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words with winemakers Print
Written by Nikitas Magel   

Five WinemakersRM:  But diversity is good!

EV:  Diversity is good.  And so are stylistic choices.

MR:  I hope that diversity explodes!  That would be a beautiful thing in terms of the proliferation of small labels: a million different styles — how wonderful would that be? — instead of five hundred examples of something that all tastes the same.

Thoughts on the Ups and Downs of Winemaking

NM:  What do you find most rewarding about making wine, whether it be under your own label or for a winery, and conversely, what do you find about your work that's challenging and that you wish you could change?

SJ:  I love the entire process of making wine.  I love the tangible nature of having the bottle at the end of the day and saying, "I made this."  I love being in the vineyards.  I love the energy of harvest.   And I love not only taking something that has a real sense of place but also putting my stamp on it through the choices I make and through the process of blending.  I think it's a great career for me.  The hard part is the sales aspect because there's so much competition.  I just wish I could bring everyone into the winery, walk them through the vineyards and caves, have them taste out of barrel and explain why I love it all so much.  Selling wine is not the reason I got into making wine.  And though it's definitely a really important part of the process, I would say it's the least exciting part for me.  Another challenge is that every vintage is different and some years are very stressful — that's the part that keep me up at night, wondering what Mother Nature will throw at us next.  Every year we say, "This is the most stressful harvest ever!  I've never seen anything like this!  Why can't we get a normal year?"  But there's really no such thing as a normal year.  Then again, that's also what makes it so fun!

"We're making something that's a snapshot in time. It all ties back to being connected with the seasons."

RM:  We can bitch and moan about topics all day, but there is no way I would do anything else!  Making wine is the best thing in the world; I love everything about it!  One of the most rewarding experiences happens when I open a bottle that I made or even a friend made — that's the best thing because there you have a finished product that you created.  We may say that we wished a bottle turned out perfectly every time or that every vintage would be great, but that's not really true because then we'd never get the same satisfaction as when we do accomplish something great, after all the blood, sweat, and tears.  And so, at the end of the day, I wouldn't change a thing!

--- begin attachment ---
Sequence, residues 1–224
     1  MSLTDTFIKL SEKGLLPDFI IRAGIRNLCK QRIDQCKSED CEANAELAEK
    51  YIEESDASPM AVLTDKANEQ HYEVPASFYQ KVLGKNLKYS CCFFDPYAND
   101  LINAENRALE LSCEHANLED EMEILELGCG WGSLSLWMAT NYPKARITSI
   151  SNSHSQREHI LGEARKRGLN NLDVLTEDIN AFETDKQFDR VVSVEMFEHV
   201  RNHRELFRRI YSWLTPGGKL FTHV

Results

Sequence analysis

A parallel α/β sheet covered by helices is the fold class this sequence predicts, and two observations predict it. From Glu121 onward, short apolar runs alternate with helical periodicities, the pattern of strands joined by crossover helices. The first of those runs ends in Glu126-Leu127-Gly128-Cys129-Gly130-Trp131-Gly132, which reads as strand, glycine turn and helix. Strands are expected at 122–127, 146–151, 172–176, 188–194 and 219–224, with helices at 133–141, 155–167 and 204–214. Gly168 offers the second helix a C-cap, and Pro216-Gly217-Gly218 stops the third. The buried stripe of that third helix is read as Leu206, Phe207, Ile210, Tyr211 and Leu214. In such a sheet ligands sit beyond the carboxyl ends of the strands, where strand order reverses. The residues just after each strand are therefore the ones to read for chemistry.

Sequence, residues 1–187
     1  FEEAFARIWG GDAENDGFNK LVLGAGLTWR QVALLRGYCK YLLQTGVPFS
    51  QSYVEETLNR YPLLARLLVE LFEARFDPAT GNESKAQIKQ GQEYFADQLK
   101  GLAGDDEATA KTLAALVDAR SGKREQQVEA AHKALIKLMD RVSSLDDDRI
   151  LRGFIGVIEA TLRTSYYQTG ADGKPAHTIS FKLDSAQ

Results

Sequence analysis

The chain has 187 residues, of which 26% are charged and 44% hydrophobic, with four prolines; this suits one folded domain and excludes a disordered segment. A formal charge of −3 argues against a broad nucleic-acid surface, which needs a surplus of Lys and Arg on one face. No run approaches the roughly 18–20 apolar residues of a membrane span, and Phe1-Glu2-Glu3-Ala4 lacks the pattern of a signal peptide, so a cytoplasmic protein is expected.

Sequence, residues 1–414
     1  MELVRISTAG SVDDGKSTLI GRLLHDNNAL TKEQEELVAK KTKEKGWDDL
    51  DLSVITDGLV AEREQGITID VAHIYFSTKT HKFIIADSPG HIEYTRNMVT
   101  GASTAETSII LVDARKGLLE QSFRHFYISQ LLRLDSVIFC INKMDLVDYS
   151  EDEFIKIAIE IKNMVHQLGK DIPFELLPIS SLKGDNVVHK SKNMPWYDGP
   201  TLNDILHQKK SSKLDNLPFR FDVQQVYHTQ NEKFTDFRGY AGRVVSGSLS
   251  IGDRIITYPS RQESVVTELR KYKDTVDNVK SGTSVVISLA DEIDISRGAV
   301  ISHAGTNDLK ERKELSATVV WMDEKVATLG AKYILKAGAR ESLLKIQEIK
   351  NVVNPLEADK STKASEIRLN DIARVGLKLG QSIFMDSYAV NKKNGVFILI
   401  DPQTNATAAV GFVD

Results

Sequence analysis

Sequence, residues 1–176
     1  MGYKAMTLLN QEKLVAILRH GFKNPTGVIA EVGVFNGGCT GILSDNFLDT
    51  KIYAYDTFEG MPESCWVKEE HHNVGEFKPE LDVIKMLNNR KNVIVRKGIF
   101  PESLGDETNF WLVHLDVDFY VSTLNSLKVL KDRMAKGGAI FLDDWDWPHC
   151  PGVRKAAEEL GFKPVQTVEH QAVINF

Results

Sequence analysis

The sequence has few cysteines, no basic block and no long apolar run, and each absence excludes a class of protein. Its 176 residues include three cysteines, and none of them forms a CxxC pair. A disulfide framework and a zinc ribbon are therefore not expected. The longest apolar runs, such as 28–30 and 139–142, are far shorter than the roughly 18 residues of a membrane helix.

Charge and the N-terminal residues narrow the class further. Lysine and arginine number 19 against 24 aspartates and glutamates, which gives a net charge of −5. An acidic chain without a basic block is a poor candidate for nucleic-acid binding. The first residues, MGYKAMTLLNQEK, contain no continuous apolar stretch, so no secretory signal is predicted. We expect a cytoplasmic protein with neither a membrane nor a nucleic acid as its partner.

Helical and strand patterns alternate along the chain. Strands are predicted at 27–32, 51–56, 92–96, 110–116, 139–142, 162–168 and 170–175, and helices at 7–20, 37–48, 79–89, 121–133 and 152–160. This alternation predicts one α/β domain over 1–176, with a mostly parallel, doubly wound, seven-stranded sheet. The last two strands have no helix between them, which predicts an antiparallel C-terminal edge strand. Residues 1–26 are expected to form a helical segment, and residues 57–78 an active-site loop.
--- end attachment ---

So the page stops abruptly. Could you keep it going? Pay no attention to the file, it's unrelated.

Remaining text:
MR:  I love that the nature of the work changes with the seasons.  Doing different things based on what part of year it is, you feel so connected with the passage of time.  I love that.  I love being out in the vines — in the winter for pruning, at budbreak, through the summer, and during [grape] pick.  I love being able to take something from that first little green bud at the beginning of the year, all the way through the growing season, into fermentation, then years on in the bottle, and finally having that to share over a meal in the good company of friends.  Plus, there's the fact that you're making something that's a snapshot in time.  It all ties back to being connected with the seasons.  I couldn't find it any more rewarding than I already do.  On the flip side, though, I hate bottling and I also hate sales — it drives me crazy!  I just want to open a bottle with people and say, "Drink this with me!  If you like it, you know where to get more!"  Another thing I hate is the government; they need to get off my back!  I just want to make some wine and get it to people!

Fermentation TanksEV:  Personally, I love not working in a fluorescent cubbyhole somewhere. {chuckling} And I love measuring my life in seasons.  It's all very enchanting.  The disenchanting part is that, in the end, it's a business that has to work.  I think it's very easy to get carried away in the beauty of this land and this product, but somewhere at the end of the line, somebody's got to make a profit.  I think it's probably easier when you own your own brand to stay aware that it's got to be a functioning business.  I really lose touch with that, making wine for somebody else.  Overall, I'm in love with this piece of land and every year I do the best job that I can.  And I hope I can keep doing it until I retire!



 

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